After I published Great House there were a couple of years where I was writing a lot of different things in search of a new book. Some of those things became short stories. Some of those things just lodged there in my throat and wouldn’t budge but also wouldn’t go away. Two of those pieces were the beginning of Epstein and the beginning of Nicole. The Nicole part came because I became completely absorbed—or obsessed I guess is really the right word—about writing this novel about the Hilton Hotel in Tel Aviv. Nicole’s part grew out of that. Epstein’s part appeared largely as you read him in the opening pages of the book. The fact of his disappearance in the desert and some sense of him this character for whom death was too small, this larger than life authoritative man of material who’s overlooked the spiritual. They were there along with lots of other bits and pieces. And then just didn’t go anywhere. [Laughs] Everyone else went somewhere, but they didn’t go anywhere and I started to see that they had these commonalities. Obviously geographical, because Nicole is looking for the Hilton in Tel Aviv and Epstein disappears in the desert, but there’s something their in their souls that I thought was similar. Then I started to write them a little and I started to see where these parallel stories could live together.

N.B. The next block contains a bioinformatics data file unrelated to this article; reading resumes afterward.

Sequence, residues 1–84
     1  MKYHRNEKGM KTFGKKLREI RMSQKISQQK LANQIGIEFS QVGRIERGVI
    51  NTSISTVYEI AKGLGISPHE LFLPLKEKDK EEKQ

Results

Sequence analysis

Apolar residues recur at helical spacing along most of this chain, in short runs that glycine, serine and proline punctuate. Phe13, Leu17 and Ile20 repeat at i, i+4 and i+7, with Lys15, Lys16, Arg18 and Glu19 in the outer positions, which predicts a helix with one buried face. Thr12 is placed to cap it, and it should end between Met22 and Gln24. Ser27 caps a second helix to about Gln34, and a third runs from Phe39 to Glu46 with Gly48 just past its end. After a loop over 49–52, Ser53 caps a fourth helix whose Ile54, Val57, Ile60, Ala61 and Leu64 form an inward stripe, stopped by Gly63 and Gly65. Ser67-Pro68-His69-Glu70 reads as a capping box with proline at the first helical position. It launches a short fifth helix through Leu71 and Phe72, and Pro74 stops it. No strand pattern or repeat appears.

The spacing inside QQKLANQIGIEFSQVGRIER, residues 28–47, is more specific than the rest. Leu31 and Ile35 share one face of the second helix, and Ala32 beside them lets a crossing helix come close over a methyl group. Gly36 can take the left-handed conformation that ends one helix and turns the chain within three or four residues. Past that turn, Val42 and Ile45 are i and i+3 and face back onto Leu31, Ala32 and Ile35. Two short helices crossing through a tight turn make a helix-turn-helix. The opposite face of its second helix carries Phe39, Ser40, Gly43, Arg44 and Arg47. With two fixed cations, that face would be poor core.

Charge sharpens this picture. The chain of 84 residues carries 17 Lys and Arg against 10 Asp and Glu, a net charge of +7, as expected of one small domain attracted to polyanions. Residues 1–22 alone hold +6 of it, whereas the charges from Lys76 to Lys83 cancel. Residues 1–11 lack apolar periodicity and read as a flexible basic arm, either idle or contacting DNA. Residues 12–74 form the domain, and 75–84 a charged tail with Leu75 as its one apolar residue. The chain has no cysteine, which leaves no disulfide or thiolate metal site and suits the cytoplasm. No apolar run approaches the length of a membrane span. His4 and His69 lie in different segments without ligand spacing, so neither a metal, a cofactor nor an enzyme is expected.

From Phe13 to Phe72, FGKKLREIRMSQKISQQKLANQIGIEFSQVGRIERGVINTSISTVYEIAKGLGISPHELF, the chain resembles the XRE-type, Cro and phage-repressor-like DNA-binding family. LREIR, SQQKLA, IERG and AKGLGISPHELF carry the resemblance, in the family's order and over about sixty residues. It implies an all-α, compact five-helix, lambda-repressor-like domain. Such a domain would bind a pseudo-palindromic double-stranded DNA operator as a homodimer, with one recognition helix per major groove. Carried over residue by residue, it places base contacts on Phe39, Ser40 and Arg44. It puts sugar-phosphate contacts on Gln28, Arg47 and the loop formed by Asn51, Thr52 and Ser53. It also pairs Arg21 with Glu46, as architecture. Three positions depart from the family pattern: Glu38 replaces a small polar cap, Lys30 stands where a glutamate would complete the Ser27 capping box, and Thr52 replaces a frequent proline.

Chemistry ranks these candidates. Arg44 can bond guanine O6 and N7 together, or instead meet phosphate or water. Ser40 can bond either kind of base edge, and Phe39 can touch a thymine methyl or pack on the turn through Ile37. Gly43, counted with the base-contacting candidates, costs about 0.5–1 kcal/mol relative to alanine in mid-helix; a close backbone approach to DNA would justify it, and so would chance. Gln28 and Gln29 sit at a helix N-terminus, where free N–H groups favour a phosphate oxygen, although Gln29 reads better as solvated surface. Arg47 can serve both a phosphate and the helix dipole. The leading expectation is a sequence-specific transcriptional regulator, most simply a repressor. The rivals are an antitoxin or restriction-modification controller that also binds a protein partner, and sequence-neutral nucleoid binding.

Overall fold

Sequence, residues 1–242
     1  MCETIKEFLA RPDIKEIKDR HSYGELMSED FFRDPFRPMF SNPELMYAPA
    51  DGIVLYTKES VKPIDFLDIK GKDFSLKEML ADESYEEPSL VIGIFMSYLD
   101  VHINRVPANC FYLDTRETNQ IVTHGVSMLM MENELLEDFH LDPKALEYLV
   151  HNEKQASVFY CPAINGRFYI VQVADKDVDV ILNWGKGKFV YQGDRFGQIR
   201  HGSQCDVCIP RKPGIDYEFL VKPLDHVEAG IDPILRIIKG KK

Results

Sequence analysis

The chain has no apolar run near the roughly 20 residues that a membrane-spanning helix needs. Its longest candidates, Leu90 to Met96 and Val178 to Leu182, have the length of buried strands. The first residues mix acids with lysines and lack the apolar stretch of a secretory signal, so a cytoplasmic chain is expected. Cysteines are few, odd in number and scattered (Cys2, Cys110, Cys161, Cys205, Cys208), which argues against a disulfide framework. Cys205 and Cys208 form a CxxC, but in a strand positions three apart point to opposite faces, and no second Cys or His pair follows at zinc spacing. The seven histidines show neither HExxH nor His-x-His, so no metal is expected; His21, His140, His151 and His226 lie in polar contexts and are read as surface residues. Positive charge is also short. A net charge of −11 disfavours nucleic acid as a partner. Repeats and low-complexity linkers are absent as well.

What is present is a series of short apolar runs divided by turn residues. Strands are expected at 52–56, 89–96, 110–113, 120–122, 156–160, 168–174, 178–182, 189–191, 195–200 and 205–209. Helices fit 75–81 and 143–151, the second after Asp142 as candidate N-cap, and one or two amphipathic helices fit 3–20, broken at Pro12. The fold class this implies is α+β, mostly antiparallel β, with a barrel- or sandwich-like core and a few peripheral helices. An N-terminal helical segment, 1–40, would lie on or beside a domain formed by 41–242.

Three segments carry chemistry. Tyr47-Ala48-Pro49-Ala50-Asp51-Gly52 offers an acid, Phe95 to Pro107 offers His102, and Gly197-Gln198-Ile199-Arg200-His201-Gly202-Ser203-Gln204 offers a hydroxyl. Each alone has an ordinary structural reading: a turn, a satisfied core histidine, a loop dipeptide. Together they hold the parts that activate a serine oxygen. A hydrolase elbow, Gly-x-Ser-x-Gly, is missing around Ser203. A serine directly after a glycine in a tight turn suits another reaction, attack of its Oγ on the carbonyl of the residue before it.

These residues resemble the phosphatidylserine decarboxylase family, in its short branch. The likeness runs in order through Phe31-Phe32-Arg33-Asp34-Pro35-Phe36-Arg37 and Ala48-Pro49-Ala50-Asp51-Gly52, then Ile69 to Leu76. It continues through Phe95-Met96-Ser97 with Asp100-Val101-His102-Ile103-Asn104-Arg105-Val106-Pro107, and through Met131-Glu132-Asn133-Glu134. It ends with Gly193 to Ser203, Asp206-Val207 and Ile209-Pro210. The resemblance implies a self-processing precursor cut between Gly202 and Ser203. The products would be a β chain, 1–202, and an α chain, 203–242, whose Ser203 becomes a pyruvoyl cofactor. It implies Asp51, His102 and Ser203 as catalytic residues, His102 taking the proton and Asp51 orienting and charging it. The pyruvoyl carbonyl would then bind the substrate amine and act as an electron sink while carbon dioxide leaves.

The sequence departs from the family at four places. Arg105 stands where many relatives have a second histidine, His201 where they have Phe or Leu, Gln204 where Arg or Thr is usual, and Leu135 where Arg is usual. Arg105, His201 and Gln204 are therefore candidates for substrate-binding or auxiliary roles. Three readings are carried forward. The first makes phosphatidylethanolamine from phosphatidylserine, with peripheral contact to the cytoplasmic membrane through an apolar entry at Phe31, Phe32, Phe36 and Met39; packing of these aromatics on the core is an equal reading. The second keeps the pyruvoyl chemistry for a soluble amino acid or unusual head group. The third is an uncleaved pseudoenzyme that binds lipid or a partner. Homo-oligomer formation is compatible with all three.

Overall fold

I guess the short answer to your question would be, yes. [Laughs]
Rumpus: All your books have this sense of being not heavily plotted, but structured.
Krauss: They’re carefully structured. The structure is so important because it’s in those more oblique connections or echoes that can happen between the narrative voices that I feel like the most exciting work happens. Both in my mind and in the book. I feel really strongly about not wanting to overly guide the reader about what he or she should think. I really trust the reader to know for themselves and not to need too much. You have your own imagination, your own experiences, your own feelings, and a novel wants ultimately to ask questions. It doesn’t assert anything, or shouldn’t, I think. There’s something about those structures which are careful that work really well in the service of giving the reader that space that I feel he or she deserves to think for themselves.